Should Artists Embrace Social Media?
- Swapnil Kale
- On December 7, 2012
Nowadays, you can’t attend a music event without bearing witness to a slew of corporate sponsors or turn on the television and not hear your new favorite track being used to promote a new brand of toothpaste. The presence of sponsorship is inescapable on the music scene. Naturally, this has been met with a great deal of mixed feelings from both musicians and fans alike. Some musicians, such as the late great Adam Yauch, a.k.a. MCA of the Beastie Boys, refuse to have their music used for the purpose of advertising – whereas others, like Dr. Dre, have fully embraced this collaboration. One of the most notable endorsement deals was Michael Jackson’s 1983 partnership with Pepsi. Often described as a “game changer,” this deal proved the power of an artist to facilitate the marketing of a brand, and vice versa.
For many artists, the concept of ‘selling out’ is a fate worse than death, and those who associate themselves with corporate brands are often seen to be simply doing it out of greed (*cough* John Lydon *cough*). This is a sentiment that once rang true – however, today’s music industry is drastically different from what it used to be. Record sales have plummeted, so artists now have to source other forms of income in order to continue making music – and endorsement deals can be a brilliant way of doing so. Moreover, in the age of social media, an endorsement deal can give smaller up-and-coming artists the edge they need to stand out from the crowd and avoid becoming lost in a sea of bands.
There are a number of corporations that have come to be associated with promoting artists and live music. For example, consider Vans and the infamous Warped Tour and Carling and The Carling Weekend – these are two events which have thrived as a result of corporate sponsorship. The Vans Warped Tour in particular has been a vehicle for many independent artists to gain exposure to a wider audience, which would not have been possible without the financial support of Vans. For example, bands such as From First to Last owe much of their popularity to the exposure they gained through first playing on the tour in 2004.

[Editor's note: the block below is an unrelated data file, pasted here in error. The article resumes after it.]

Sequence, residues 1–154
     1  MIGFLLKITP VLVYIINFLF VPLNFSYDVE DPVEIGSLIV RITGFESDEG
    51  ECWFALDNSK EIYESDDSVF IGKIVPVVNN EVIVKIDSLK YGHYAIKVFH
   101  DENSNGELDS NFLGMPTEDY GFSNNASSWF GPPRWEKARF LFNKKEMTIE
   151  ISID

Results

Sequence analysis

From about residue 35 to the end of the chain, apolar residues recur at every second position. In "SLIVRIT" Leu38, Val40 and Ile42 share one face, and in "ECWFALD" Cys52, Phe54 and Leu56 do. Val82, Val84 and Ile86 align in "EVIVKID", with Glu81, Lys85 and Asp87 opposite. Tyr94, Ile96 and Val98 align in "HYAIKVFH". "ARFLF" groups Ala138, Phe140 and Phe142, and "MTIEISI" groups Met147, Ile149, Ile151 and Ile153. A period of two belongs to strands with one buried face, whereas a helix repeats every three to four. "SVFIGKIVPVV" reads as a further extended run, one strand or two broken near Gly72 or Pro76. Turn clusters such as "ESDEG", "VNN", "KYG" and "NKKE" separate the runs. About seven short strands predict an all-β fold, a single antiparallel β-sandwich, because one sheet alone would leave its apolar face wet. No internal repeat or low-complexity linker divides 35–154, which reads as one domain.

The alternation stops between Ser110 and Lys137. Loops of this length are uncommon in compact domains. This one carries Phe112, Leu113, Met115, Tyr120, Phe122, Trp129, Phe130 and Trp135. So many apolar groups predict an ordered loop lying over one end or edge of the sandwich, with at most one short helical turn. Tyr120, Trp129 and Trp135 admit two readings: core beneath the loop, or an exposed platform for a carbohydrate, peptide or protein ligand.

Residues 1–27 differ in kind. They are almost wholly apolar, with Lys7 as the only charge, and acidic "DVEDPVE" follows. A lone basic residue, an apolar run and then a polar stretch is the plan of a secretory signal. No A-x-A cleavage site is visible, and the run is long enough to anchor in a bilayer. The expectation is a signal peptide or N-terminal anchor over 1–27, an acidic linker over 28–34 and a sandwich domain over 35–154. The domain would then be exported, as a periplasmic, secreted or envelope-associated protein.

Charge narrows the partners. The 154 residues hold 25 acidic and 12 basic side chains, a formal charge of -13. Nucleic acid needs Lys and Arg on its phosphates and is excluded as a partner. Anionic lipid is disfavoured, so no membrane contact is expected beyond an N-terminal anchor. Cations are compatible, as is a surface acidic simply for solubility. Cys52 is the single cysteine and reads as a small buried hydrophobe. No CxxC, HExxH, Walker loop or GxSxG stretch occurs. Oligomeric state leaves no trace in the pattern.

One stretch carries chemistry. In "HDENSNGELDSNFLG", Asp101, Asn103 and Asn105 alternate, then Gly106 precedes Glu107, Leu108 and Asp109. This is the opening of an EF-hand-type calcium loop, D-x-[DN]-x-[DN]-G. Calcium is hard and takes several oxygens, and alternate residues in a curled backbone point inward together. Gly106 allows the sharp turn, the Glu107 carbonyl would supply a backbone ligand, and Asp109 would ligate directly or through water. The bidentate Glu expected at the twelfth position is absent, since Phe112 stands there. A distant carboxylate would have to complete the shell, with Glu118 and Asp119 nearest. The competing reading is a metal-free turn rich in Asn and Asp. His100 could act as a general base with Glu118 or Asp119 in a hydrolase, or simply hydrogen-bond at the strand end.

There was once a time where getting a record deal was necessary to a successful career as an artist. However, with the growing number of endorsement deals available, that is no longer the case. Furthermore, the nature of record deals has also changed with the introduction of the ’360 deal.’ Signing such a deal means that the record company owns a stake in not just the artist’s record and ticket sales, but any other income revenue generated. This can range from merchandise, to endorsements, to other artistic ventures such as acting. Hence, signing a record deal with a major label has now become a somewhat unattractive prospect, and many artists are now making it big without the help of a label, as they are able to generate large sums of income from endorsements. Examples of current artists who are involved with large endorsements are LA-based OK Go who have teamed up with Hyundai, and the Madden brothers (Benji and Joel) who are involved in the ‘Good Times’ project, with KFC Australia.
The music industry has always been a brutal and fickle business, particularly for smaller artists, so it seems silly to boycott a perfect opportunity to generate vital income and gain exposure. Besides, an endorsement deal doesn’t actually affect the artist’s creative output. If Rage Against The Machine signed a deal with McDonalds, it might slightly taint their message of anti-capitalist anarchy – but, let’s face it, if they truly believed in that message then they would have done a Fugazi and started their own label and not signed to a major). What does affect an artist’s output is signing to a major label and handing over their creative control. So, if anything, what many of today’s bands are doing is in the punk tradition, as they are rejecting the tradition of signing a record deal and instead doing things on their own terms.
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